Prior to Anna’s death, Blue Cross Blue Shield of Minnesota denied coverage prescribed by her doctor. Anna was in denial about her anorexia and entered into a power struggle with her parents, who of course couldn’t force a woman older than age 18 to get treatment. When the insurance company authorized a few days in the hospital but after that decided it was no longer medically necessary, Anna had an out and would tell her parents it’s no longer medically necessary. She could discharge herself from the hospital.

When doctors said Anna needed a high level of care, the health insurance authorization bordered on “fail first,” Westin said, and a lower-than-necessary level of care strengthened Anna’s eating disorder.

“She spent her last months in a revolving door,” Westin said.

By the time she agreed to seek inpatient residential treatment, she was in critical condition.

“There’s this 20-year-old trying to fight for her life,” Westin said of the decision to tell doctors they will pay out of pocket. “I’m making a decision I’m going to be on Anna’s team. Our insurance company should’ve been right there on that team.”

Then, Anna lost hope, Westin said.

Anna once told Westin: “I wish that I was battered and bruised from a car accident and people could see what I’m feeling.”

Minnesota Attorney General Mike Hatch and the Westin family teamed up to charge the company with denying adequate care to Anna and others like her. In 2001, Blue Cross settled out of court for $8.2 million for treatment costs.

Before Westin filed her own suit, the company offered a $1 million settlement to the family.

Anna Westin House

The money has ended up at The Emily Program. It was the seed money for the Anna Westin House, Minnesota’s first residential program for clients with eating disorders.

“When Anna needed that, there was not one bed available in Minnesota,” Westin said. “That money had to go for fighting eating disorders.”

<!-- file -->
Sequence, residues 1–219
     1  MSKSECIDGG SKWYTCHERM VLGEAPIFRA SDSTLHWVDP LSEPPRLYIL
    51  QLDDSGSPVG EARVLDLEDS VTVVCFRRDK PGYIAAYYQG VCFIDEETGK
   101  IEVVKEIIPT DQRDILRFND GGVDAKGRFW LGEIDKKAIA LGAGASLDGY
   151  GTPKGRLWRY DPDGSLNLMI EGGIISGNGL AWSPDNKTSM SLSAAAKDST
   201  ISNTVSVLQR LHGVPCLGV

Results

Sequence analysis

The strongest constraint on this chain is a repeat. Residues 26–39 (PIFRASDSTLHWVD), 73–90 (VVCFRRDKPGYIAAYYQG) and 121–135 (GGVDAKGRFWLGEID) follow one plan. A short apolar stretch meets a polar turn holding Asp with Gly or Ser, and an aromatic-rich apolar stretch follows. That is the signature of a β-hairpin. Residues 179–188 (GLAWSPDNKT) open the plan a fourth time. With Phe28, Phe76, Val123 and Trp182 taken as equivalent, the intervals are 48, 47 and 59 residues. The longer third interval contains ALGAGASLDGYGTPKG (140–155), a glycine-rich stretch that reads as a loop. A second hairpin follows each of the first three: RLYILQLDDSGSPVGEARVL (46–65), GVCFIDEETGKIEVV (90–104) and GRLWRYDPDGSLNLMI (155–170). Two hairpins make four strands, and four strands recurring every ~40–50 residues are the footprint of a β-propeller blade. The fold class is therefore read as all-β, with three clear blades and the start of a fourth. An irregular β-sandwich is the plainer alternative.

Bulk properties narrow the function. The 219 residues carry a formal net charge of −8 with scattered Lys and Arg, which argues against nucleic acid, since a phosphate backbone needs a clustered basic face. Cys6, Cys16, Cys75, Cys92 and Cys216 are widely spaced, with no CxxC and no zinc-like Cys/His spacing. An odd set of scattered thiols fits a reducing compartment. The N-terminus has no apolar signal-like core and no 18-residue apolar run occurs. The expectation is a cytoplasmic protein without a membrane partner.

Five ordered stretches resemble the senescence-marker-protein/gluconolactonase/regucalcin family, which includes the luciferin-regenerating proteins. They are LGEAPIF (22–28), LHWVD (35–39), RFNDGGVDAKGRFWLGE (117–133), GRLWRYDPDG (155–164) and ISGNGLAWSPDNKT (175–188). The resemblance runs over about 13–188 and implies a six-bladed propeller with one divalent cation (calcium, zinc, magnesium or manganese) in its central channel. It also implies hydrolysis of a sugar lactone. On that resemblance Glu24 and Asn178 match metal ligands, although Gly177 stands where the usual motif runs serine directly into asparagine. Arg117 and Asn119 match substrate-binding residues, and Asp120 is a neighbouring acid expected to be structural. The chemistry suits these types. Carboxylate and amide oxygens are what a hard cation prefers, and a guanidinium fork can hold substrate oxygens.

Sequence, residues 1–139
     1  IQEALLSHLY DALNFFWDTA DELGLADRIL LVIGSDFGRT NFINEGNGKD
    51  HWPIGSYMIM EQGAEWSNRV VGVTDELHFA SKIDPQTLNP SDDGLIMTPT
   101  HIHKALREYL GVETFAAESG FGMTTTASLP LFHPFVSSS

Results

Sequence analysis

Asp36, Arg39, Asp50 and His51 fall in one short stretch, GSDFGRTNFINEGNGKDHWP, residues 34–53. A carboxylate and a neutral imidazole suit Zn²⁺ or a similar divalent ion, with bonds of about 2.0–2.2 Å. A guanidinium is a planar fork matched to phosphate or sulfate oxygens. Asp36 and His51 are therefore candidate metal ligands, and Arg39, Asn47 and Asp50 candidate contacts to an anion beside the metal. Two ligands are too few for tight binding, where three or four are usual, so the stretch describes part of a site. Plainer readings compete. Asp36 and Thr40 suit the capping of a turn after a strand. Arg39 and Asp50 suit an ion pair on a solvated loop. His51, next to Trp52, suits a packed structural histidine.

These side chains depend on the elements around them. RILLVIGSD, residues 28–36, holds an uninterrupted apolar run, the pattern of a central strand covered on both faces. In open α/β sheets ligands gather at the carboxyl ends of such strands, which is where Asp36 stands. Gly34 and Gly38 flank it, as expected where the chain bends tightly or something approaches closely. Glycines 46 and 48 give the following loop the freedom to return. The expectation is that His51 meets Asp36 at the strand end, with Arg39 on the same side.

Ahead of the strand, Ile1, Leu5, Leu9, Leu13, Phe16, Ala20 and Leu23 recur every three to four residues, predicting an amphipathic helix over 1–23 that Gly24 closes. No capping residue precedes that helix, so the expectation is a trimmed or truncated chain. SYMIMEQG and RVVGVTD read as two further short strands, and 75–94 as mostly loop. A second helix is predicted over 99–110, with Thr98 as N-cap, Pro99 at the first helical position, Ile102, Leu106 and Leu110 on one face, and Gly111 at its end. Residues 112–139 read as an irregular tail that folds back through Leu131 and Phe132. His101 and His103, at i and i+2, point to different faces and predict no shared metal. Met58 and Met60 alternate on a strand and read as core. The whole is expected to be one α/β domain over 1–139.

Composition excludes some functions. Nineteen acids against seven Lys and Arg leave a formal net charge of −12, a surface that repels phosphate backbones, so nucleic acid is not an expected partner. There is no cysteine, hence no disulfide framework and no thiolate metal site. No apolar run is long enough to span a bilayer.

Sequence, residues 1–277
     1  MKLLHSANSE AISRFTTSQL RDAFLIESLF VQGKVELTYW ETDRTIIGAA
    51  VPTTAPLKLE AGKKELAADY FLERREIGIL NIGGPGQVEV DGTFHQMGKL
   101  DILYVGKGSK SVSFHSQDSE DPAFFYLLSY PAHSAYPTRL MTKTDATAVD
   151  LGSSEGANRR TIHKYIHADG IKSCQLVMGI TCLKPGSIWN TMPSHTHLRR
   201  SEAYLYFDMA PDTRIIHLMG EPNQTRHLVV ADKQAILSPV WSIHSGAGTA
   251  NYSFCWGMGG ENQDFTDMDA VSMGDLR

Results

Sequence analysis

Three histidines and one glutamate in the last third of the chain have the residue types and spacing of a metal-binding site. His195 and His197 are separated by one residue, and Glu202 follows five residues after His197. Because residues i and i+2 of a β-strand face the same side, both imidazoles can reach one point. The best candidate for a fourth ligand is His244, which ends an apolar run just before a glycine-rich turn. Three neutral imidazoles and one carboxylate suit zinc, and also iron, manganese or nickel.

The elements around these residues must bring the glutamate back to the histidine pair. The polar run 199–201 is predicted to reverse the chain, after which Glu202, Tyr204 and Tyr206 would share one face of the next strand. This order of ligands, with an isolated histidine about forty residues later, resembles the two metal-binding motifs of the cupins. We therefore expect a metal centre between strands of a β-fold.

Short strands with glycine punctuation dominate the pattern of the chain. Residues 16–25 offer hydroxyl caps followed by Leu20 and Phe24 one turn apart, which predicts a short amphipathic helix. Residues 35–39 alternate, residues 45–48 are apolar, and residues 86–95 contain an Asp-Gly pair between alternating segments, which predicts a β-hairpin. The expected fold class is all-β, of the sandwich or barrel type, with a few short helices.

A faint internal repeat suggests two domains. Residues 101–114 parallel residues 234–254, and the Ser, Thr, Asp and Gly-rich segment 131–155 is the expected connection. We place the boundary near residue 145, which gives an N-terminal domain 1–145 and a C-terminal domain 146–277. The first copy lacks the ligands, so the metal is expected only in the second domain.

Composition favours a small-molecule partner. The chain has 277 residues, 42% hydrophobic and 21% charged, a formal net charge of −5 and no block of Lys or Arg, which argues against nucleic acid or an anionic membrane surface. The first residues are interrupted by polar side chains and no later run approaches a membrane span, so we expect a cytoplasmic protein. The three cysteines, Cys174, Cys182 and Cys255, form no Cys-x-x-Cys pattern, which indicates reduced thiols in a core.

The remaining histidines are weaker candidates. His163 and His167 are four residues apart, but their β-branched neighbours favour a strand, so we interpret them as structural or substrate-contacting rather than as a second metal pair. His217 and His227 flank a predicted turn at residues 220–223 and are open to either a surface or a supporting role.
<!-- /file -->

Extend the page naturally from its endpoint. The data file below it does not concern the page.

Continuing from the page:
The Anna Westin Foundation ran the facility until 2007, when the Anna Westin House was turned over to The Emily Program. In a merger, Westin’s foundation gifted its cash balance to The Emily Program Foundation. The Westins’ court settlement is not fully spent.

Proud of handing off her residential program startup, Westin dedicated her time to federal advocacy for the Anna Westin Act, in hopes of helping people overcome obstacles that keep them from coming to treatment for eating disorders.

She also initiated five family and friends support groups in the Twin Cities, including one attended by the Schlick family. Frank and Janelle Schlick facilitate the Woodbury friends and family group.

Heart and soul

Through 16 years of pain, Westin has pushed for a bill that might stand its best chance of passing by the end of this year. She wanted her daughter’s unnecessary death to lead to something positive.

The story of Westin’s activism and what is now Klobuchar’s bill started the day after Anna died.

That’s when the Anna Westin Foundation was conceived.

“My husband said, ‘What?’” Westin said. “We started fighting the eating disorder with our heart and soul. If we could tell her story really openly and honestly, maybe someone would be saved.”

There are men and women, young and old, people of all economic classes and races who suffer from eating disorders.

Eating disorders cause medical complications such as cardiac arrhythmia, cardiac arrest, brain damage, osteoporosis, infertility and death. The mental strife of an eating disorder persists beyond medical consequences, as anxiety and depression are common side effects.

While eating disorders can be treated, only one in 10 people with an eating disorder get treatment, Klobuchar said.

Advocates said that specialized treatment leads to recovery and reduces mortality.

“We’ll pass the Anna Westin Act, and then we’ll go on and do the next thing we have to do,” Westin said. “We’re coming to not an end — because there’s so much more to do — but a point where we’re going to help, I believe, millions of people.”